Although on the statute book, MCAs are not yet in force in Scotland, having been introduced as part of the recent planning reform. Similar in effect to the simplified planning zone, an MCA would authorise any specific development or development type identified within the MCA scheme which would be designed to meet the requirements of the particular locality. This could allow the flexibility to move routinely between pre-approved uses within defined parametres without the need to revisit planning, as well as authorising built development where needed.
An MCA may therefore take a more comprehensive approach but focussed on local requirements. It will however be for planning authorities to promote an MCA (once the statutory provisions take effect) and the process will take time, resources and commitment on the part of the authority. Scottish Government work on MCAs is ongoing, recognising the potential benefit to the regeneration agenda.
Developers attracted by the possibilities will need to work closely with the planning authority in question to ensure that any scheme best meets their aspirations.
When can Compulsory Purchase be used?
Compulsory purchase can facilitate major redevelopment schemes in a number of ways.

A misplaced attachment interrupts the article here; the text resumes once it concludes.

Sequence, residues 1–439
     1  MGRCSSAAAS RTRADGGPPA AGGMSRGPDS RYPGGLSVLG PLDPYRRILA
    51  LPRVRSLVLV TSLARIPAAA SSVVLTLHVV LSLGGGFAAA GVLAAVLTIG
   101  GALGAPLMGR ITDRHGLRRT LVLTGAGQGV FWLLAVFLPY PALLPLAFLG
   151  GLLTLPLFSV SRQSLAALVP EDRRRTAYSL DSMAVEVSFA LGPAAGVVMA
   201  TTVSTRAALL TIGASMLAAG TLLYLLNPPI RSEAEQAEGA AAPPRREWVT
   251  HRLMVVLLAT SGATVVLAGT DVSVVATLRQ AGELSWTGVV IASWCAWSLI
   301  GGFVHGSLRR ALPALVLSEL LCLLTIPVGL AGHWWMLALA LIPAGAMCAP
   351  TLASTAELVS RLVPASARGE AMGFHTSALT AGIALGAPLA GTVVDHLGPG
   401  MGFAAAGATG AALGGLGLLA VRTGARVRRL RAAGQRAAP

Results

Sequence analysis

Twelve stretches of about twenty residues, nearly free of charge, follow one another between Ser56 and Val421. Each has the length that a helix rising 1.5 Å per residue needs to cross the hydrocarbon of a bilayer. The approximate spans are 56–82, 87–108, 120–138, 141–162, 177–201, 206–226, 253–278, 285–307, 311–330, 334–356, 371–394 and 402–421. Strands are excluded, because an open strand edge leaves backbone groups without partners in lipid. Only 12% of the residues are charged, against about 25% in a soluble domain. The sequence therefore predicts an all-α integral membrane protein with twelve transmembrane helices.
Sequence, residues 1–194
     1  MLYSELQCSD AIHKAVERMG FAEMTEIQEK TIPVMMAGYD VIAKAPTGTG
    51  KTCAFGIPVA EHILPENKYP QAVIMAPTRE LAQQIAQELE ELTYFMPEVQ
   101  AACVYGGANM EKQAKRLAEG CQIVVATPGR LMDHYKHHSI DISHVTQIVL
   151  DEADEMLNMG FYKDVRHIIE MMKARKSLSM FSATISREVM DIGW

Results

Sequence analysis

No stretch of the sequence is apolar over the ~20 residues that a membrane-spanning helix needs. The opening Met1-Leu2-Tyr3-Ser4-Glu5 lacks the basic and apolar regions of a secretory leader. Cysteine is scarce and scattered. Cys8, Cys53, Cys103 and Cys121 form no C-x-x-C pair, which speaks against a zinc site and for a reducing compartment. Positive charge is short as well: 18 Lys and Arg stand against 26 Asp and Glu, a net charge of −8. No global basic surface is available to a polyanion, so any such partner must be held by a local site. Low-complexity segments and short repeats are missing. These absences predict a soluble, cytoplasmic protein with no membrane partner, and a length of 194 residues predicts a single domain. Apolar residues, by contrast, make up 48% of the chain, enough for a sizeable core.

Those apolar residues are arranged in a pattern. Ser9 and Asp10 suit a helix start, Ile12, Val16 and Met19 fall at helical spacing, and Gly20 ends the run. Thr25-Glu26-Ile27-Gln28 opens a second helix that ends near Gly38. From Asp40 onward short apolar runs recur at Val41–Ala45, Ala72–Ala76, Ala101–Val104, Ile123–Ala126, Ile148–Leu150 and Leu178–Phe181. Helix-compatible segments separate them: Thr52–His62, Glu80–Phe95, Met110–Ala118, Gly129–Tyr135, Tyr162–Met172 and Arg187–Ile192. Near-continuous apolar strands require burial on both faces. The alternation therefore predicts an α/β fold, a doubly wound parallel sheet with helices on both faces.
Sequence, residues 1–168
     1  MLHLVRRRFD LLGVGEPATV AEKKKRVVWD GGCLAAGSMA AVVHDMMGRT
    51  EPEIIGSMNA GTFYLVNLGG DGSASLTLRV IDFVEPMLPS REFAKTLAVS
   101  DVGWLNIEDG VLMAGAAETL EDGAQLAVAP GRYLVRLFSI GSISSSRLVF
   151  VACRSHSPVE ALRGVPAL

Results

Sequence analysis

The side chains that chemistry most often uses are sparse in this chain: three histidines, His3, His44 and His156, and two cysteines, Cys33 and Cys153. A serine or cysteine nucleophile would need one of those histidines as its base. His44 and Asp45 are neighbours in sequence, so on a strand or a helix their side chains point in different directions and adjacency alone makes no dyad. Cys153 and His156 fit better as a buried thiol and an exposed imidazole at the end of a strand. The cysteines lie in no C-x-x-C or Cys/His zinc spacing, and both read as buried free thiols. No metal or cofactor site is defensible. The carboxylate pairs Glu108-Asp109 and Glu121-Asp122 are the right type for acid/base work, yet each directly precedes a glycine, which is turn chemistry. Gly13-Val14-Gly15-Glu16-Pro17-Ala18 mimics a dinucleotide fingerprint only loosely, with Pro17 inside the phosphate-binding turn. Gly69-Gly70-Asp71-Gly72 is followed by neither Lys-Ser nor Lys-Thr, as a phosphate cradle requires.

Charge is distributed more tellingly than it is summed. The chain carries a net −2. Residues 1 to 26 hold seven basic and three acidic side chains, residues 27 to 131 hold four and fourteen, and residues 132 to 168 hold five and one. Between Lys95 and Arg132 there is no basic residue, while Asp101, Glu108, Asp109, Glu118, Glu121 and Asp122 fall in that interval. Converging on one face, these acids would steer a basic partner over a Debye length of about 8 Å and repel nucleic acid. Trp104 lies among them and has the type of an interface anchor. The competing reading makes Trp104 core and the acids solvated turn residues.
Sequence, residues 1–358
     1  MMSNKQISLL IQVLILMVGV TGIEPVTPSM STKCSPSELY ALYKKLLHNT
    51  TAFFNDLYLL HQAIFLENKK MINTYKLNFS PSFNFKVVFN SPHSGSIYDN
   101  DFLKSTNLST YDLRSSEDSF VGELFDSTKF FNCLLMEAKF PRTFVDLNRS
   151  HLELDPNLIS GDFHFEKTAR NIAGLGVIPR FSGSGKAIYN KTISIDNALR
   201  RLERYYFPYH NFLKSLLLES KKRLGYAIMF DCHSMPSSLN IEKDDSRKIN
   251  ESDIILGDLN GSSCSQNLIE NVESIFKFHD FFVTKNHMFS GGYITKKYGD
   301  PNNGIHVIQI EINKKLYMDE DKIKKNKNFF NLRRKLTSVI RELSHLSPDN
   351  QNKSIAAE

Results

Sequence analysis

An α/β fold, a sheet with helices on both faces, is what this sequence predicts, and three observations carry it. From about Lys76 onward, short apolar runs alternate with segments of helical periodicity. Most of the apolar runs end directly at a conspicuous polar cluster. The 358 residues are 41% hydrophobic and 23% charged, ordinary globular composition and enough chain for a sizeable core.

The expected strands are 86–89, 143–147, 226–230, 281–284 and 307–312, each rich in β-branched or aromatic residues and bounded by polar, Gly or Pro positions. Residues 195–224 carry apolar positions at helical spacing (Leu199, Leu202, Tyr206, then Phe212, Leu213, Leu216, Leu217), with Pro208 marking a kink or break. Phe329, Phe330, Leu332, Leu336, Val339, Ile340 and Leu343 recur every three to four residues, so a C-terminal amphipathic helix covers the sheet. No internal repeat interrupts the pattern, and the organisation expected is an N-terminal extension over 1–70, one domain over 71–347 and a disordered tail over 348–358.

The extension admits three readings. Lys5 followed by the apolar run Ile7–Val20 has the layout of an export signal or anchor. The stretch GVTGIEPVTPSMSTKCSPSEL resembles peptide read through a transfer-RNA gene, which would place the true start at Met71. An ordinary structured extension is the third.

While a shopping centre will typically be held in single ownership, compulsory purchase may be used to acquire leasehold interests where necessary; extinguish problematic title conditions or enable a more comprehensive redevelopment of the area by assembling additional parcels of land.
Compulsory purchase is usually associated with "public" projects but planning authorities may also acquire land in order to transfer it to a third party for redevelopment, if satisfied that a robust case can made for doing so in line with planning policy - often referred to as an "agency" CPO. The CPO promoted by City of Edinburgh Council to enable the redevelopment of the St James Centre is a good example of this.
More recently, the Scottish Ministers confirmed a compulsory purchase order (CPO) promoted by Fife Council to acquire the Glenwood Centre in Glenrothes – a local shopping centre built by the Development Corporation in the 1970s - to enable redevelopment in a bid to regenerate the surrounding area.
Ultimately the Scottish Ministers will only confirm a CPO if satisfied that there is a compelling case in the public interest for doing so. For example, when confirming the St James CPO, the Ministers considered that the scheme would "bolster the city centre’s retail attractiveness, provide housing, employment and other amenities, improve the urban environment, stimulate tourism and generate associated economic benefits."
A CPO for redevelopment purposes may be promoted before planning permission for the scheme is in place, but it is usually preferable to secure permission upfront as this will reduce the scope for objection by parties who are opposed to the scheme.
As we discuss in this blog series, whether redeveloping or re-purposing, there are plenty tools in the tool kit to support the transition – some tried and tested, with newer tools emerging. Identifying the most appropriate solutions in partnership with the planning authority and other stakeholders will smooth the path to delivery.